Survival rates, seasonality, and site effects

The initial model showed that in the active season, males have a lower survival rate than females: the effect size of the factor ‘male’ in the logistic regression was − 0.63 (standard deviation = 0.11, 95% confidence interval = − 0.84/− 0.43, significance level = 0.000). This sex difference is also seen in the predictions of the sex-specific models (Fig. 1, Table S3). Outside the active season, weekly survival was more similar between males and females. Within the active season, the lowest survival in males is registered in June, while females show the lowest survival rates in May–July, but overall females clearly have higher survival rates than males during the active season (Table S2). In some years, female survival rates significantly differed from their overall mean (Fig. 2, Table S3). Note that, until 2010, these year effects were mainly positive, while female survival rates since 2011 were mainly below average. Survival rates in males did not significantly differ from their overall mean in any of the years (Table S3).

Fig. 1
figure 1

Weekly survival rates of female and male hamsters (continuous lines; significantly different in the active season) and survival rates of females when protected by an electric fence (interrupted line). An electric fence around a plot had a significant positive effect on the survival rates of females during the active season, but not on survival rates of males (not shown to retain focus on significant effects). Model predictions are shown for wild hamsters in an average site and year, and ignore potential effects for newly released hamsters or spotlight hunting. Please note that the y-axis (weekly survival) ranges from 0.9 to 1

Fig. 2
figure 2

Weekly survival rates of female (red) and male (blue) hamsters in the Netherlands, illustrating the modeled effect sizes listed in the Appendix S3. As explained in the Materials and methods section, separate models were fitted to data on female and male hamsters. a Site-specific survival rates are shown for females and males. b Year effects vary more for females than for males. c Additional predator control in the form of spotlight hunting on foxes did not have a significant effect on female or male survival during the active season. The effect of spotlight hunting was evaluated in separate analyses using a subset of years (2009–2014) in which both normal management occurred as well as extra spotlight hunting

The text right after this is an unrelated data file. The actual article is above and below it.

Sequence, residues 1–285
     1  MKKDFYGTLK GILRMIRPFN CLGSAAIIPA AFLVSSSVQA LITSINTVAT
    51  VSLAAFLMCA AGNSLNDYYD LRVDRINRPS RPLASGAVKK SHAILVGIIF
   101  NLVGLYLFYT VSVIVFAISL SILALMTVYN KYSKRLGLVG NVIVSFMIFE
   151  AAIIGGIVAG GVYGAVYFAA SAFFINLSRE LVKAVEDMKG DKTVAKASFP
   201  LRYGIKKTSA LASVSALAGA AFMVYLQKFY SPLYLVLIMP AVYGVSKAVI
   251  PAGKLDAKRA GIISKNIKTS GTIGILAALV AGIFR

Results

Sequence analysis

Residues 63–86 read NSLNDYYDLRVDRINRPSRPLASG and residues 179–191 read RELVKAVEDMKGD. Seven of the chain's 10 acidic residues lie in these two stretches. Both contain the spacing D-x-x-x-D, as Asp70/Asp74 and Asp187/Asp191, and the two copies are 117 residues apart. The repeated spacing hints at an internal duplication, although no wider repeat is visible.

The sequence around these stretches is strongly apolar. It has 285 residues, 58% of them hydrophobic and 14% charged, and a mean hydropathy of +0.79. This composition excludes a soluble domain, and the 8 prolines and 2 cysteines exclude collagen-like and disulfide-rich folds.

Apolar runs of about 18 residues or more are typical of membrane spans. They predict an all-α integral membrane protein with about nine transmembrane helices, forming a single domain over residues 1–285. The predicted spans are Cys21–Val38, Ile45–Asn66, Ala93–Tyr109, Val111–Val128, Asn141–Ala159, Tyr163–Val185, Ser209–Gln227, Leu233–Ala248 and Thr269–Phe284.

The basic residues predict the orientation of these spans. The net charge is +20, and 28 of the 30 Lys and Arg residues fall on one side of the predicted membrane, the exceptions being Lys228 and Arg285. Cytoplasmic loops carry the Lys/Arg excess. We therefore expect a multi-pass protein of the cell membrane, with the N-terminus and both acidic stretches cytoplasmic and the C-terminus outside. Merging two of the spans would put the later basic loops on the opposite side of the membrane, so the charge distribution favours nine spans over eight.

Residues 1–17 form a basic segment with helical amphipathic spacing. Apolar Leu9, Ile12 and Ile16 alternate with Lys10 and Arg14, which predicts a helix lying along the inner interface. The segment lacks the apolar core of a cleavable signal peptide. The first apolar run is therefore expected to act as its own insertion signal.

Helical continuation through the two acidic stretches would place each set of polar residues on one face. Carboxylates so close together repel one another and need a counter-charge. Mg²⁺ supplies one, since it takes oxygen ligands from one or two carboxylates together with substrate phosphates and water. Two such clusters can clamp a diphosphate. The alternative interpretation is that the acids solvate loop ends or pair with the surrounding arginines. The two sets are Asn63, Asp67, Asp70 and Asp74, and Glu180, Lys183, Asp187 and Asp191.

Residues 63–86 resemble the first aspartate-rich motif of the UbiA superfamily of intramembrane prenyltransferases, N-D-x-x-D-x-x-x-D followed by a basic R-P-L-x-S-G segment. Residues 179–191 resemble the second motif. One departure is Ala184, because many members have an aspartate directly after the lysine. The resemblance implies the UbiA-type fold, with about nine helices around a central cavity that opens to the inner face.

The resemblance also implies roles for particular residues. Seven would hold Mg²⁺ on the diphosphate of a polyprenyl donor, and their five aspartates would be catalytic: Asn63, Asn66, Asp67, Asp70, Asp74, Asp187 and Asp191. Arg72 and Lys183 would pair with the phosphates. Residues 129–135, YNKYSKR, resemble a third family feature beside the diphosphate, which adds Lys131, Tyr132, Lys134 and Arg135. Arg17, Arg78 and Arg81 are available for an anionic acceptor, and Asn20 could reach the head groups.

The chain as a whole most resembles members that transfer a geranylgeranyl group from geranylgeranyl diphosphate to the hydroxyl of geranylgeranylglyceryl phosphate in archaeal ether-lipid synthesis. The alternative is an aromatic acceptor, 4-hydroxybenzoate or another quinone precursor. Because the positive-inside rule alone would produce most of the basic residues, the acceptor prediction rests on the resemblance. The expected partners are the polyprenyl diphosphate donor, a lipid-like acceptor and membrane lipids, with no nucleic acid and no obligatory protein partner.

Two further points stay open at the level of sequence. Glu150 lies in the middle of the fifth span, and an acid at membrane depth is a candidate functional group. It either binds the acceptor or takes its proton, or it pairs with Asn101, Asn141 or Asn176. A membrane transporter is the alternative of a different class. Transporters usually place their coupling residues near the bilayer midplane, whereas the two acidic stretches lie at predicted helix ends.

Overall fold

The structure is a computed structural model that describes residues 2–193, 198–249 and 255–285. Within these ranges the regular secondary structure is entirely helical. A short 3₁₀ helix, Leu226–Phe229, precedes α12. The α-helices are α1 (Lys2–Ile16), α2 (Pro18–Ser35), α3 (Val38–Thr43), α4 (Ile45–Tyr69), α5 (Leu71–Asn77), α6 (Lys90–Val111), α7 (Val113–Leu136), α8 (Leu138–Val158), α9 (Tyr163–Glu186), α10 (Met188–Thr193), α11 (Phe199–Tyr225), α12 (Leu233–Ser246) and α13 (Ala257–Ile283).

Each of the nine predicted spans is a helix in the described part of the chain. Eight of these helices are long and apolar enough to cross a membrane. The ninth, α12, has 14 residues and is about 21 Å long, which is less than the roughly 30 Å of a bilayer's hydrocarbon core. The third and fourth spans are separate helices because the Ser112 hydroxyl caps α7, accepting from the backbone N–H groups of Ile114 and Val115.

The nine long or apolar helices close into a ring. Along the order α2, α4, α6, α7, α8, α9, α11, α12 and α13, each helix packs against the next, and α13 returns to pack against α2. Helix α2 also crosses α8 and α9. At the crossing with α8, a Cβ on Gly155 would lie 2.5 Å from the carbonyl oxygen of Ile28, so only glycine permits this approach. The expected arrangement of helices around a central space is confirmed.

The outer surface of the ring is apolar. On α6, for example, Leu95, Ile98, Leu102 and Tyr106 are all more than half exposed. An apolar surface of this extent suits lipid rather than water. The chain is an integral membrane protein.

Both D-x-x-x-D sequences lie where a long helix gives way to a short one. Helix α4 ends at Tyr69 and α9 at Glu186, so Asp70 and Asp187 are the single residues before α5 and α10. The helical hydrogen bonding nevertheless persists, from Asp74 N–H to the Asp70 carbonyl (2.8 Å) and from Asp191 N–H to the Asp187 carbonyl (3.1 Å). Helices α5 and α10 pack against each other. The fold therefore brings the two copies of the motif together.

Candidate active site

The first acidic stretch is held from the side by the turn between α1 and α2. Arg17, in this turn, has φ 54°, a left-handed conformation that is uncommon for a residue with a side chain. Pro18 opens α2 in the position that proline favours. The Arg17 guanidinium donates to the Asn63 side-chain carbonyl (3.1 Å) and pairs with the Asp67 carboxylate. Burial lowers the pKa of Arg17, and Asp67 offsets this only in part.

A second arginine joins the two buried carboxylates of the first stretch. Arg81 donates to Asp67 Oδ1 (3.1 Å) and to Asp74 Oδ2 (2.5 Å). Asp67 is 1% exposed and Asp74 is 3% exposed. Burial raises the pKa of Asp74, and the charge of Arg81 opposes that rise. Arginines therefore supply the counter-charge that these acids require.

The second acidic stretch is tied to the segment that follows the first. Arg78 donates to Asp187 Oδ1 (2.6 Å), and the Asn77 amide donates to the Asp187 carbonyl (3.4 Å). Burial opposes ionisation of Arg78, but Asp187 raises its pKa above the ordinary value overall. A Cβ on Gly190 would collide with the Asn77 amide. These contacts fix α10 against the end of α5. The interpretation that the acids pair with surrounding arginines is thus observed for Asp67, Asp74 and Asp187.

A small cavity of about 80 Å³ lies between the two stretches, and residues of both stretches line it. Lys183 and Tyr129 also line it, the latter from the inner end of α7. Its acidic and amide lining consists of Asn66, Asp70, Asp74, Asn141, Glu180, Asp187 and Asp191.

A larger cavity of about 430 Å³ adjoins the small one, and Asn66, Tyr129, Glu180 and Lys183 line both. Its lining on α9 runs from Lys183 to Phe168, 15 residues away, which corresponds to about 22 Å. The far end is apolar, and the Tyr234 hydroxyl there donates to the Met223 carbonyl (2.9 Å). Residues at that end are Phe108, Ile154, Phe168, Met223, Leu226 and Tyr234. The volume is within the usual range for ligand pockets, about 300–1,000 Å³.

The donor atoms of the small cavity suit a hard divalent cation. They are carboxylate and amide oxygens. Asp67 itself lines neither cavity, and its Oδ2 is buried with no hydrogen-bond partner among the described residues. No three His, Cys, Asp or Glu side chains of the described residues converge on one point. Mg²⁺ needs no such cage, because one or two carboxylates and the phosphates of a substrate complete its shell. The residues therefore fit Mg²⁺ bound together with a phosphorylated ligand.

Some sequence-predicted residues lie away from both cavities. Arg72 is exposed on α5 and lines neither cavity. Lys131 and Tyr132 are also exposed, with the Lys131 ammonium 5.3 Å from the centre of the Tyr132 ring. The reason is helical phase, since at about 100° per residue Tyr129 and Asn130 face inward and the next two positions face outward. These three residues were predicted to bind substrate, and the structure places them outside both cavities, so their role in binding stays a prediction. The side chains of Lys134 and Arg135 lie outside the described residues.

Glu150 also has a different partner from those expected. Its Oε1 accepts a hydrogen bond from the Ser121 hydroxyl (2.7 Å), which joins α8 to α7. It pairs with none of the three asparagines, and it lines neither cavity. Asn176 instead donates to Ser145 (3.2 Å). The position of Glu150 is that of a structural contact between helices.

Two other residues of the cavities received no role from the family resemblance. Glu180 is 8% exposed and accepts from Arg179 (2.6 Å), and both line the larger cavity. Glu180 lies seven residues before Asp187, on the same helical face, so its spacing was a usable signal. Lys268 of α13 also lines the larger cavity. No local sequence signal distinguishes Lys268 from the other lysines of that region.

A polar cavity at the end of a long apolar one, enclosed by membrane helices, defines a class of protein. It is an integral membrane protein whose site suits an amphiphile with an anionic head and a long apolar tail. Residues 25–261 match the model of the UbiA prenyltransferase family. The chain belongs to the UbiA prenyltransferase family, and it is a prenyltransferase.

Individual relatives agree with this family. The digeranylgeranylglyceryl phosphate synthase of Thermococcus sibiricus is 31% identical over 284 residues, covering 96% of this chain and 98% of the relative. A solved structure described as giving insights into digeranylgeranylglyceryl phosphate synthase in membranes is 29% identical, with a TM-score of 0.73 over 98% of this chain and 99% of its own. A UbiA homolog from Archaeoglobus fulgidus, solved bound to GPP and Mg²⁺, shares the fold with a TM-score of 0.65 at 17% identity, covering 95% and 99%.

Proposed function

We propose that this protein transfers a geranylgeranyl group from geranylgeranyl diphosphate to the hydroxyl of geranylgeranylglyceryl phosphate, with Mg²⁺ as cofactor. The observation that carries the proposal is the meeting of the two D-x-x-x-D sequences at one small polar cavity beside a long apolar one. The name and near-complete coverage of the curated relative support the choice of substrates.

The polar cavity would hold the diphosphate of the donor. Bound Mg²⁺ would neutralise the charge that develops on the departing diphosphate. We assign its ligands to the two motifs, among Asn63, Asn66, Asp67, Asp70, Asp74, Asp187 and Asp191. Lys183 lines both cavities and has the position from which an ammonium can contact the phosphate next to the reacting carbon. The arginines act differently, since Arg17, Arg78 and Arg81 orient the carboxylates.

For males, the site-specific intercepts were significantly (p < 0.05) lower for sites A and B than for site C, resulting in the prediction of annual survival of wild males outside enclosures of 9.7% (site A), 8.0% (B), and 24.6% (C). For females, site intercepts differed only significantly between sites A and B, resulting in annual survival rates of 25.1%, 15.2%, and 19.2% for sites A, B, and C, respectively.

Adaptive period in released captive-bred hamsters

Survival of captive-bred hamsters is much lower than that of wild-born hamsters in the period following their release in the wild, but survival rates increased in the subsequent weeks after release (Fig. 3). Surviving captive-bred females had survival rates comparable to those of wild females 19 days after their release, while it took 28 days for released captive-bred males to have similar survival rates as wild males. However, the difference in adaptation periods between the sexes is not statistically significant (p = 0.161), mainly due to the large variation in the estimate for females.

Fig. 3
figure 3

Adaptive period of newly released hamsters based on their weekly survival rates. Surviving females reach the survival rate of wild females after 20.11 days, released males that of wild males after 28.48 days. The plotted effects are based on the fitted model and shown without effects of other explanatory variables like enclosures or spotlight hunting. As an example, we here show the model predictions for hamsters released on the first of June, while, in reality hamsters, captive-bred hamsters were released at various times throughout the season. As models were fit separately for males and females, the similar weekly survival rates at the time of release are based on independently estimated effect sizes for each sex

Enclosures and spotlight hunting of foxes

Hamsters were registered within an enclosure with an electric fence during 1068 observations (12%), see table S1. An enclosure had a significantly (p < 0.001) positive effect on survival rates of females, but no effect on survival rates was seen for males (Fig. 1, Table S3).